It doesn’t have the amoled display the really pretty display of the venue 2, but internally. This shares a lot more in common with the venue 2 than it does with something like the 400 945 or the enduro. A lot of people asked like or seem to speculate that it may be like a mini enduro, no garmin garmin pretty much laughed at that assertion. When i asked them about it, they said uh, no, it the enduro is a totally different beast for them. Uh internally – and this is definitely not an enduro in any way, shape or form, oh by the way for the accuracy stuff. If you want more details on that, i have that my full end up review down there and it’s very similar to what i’ve seen in the past, meaning it works well in a lot of areas, including interval, workouts, uh, less well in other areas like some of The outdoor cycling workouts that i’ve had so it’s not much different in the past, but i have all those charts and all that detail for both heart rate and gps in my in depth, written review that you can see down in the doohickey description thing there. The next thing, you’ll, probably notice, is it’s a little bit smaller it’s, two millimeters smaller than the garment of 40945. The screen is the same, however, but the uh bezel dead space. If you put on an angle there, this dead space around here right there that’s just the reflection off the thing, but you’ll see that bezel dead space is smaller as well, so they basically just shrunk.
The bezel dead space shrunk the entire case and made it two millimeters smaller. Next we got two interval features uh the first one is automatic categorization of your intervals, uh, and so for this one. If you just use a lap button, like you, probably do and you go out and do a manual workout, so you don’t have like a loaded, structured workout on this, and i just simply hit the lap button for each of the sets and then when i walked In between for recovery, i hit the lap button again and just like most people probably do it’ll automatically categorize those on the watch after the fact, and so you can then see later on garmin connect, those are the work intervals or the recovery rest intervals and it’s All pretty straightforward: it just uses your pace and your heart rate to kind of figure that all out – and this is mainly designed if you don’t – want a little structure workout, but you want easier analysis after the fact and so that’s pretty cool. The next piece, though, is what they called open intervals, which is honestly like the worst name for this ever, but what it basically means is you get a proper interval lap, summary page, meaning that uh, if you select the open interval option uh it doesn’t have like Structure intervals for you: instead, what happens is each time you press that lap button, it figures out whether you’re doing a work interval or a recovery interval, and then it shows you this lap summary page as well as the interval information page, so it’s kind of like Some of the automated uh swim categorization bits that it does for indoor pool workouts, but here on the watch itself for running so the reason that’s useful is, if you’re doing like 8×800 12×800 or, however many you want to do of something you get to like number.
Six number seven you’re like crap, am i a number six or seven or eight or maybe i’m just done? Who knows right? You don’t really know because you look at the interval number and it has all the different rest and work intervals mixed together. So you can’t figure it out with this. It removes all the recovery, all the rest stuff. If you will and just simply gives you the work one. So you quickly go through that and go yes. I’M on interval, number eight, okay! So the last one here is a bunch of user interface changes and most these are fairly minor, mostly like. If you’re the geek of the garmin side, you might be like ah that’s kind of nice. Essentially, a lot of the user interface here mirrors that we saw roll out on the venue two just a couple weeks ago: okay, so the last one here, it’s, mostly a bunch of user interface changes like if you’re into like the geeking out on tiny little things. You would notice these throughout the entire watch. Computer switch between the two of them uh so left hand, side the 945 actually e and the right hand side the 945, and you can see this is like the weather widget. For example, a bunch of little changes here. Keep in mind this isn’t celsius, this is fahrenheit but that’s. Besides the point, you can see differences uh, for example, how they’ve organized the wind speed the exact location.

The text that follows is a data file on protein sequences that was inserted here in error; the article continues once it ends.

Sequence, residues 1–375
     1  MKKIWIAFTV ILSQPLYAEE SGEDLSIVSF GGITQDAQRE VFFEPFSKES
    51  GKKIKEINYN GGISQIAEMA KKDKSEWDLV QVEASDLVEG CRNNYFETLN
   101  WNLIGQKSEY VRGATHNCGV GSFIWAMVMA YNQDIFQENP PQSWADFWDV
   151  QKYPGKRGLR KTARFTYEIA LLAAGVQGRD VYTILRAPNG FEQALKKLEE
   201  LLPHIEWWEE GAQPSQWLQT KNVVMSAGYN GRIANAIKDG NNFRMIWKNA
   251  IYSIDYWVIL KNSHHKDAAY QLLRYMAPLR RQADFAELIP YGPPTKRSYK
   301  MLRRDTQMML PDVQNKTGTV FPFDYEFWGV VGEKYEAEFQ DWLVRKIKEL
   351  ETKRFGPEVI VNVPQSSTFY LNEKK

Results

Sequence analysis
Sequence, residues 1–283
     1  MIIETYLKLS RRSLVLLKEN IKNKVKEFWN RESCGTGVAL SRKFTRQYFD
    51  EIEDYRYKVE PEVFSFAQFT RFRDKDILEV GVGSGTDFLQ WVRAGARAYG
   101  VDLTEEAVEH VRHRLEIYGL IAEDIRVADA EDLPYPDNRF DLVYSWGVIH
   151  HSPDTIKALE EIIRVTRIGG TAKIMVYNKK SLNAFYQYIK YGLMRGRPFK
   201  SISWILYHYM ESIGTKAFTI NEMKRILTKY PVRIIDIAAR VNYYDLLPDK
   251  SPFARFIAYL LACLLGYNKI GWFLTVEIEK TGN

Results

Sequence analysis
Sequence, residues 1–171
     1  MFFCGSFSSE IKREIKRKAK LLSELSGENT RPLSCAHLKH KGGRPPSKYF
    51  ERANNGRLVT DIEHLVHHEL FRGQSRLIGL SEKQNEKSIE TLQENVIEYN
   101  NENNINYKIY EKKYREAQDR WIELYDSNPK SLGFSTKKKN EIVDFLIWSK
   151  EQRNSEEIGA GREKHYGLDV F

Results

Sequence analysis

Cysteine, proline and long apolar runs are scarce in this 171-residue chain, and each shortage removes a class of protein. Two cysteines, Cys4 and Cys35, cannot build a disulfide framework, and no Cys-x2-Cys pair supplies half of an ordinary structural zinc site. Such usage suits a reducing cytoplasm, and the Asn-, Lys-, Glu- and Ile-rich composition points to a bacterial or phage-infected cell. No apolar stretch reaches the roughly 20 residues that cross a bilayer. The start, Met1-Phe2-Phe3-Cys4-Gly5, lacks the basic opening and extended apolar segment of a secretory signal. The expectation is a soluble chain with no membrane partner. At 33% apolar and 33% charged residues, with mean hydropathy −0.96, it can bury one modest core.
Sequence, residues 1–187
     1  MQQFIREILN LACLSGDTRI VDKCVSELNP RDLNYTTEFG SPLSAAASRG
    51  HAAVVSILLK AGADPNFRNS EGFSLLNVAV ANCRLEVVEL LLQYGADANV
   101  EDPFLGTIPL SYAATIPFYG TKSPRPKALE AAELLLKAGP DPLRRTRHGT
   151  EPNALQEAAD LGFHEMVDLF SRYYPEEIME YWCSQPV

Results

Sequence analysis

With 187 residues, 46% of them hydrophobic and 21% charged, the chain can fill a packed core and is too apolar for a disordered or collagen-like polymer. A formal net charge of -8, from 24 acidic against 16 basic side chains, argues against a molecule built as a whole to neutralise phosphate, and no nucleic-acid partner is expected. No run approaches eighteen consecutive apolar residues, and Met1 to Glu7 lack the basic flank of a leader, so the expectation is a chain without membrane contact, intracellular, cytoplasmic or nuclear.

This is coming from. As i go down here, you see it’s a little bit cleaner for the hourly graph, showing a little less detail, but kind of more detail that you want the daily graph and then down here. I got trends on this side, which is fine, but over here i’ve got the dew point humidity and uv index coming in, and this thing is the entire menu, whether it’s steps or heart rate or sleep. All those things are just a little bit different in a ton of different areas. So with that there you go a complete look at the new garmin 945 lte uh. I guess a lot of people probably ask me at this point like do i go out and buy this over my existing 945 and i think it really comes down to whether or not you value lte connectivity. And while you ponder that the other question i ask garmin is: is this like this weird watch that’s only good for a little while, like? Are we going to find a case where here we are two years later for the 9 45 and they released a 945 lte as opposed to releasing a 955, and when i asked that to garner, they basically said we actually contemplated, releasing it as the 955.. They said that that was something they considered, but ultimately they didn’t feel like it met the bar, their internal bar for what a 955 should be, which i think was a pretty honest way of looking at it, which then kind of brought up.
The question like is this: is this like this, in between watts that lasts like six or nine months before it gets kind of ditched by the side of the road, and they said no there’s plenty, more updates and love to come for this, and they don’t see That being ditched by the side of the road, now, whether or not i believe that i don’t know, but they did say that this will be the top dog 400 watch uh for quite some time anyway. So take that at what you want, i would say i wouldn’t probably upgrade from the 945 that 945 lte unless you wanted lte side of things that’s, like my my two second recommendation there. I think with that.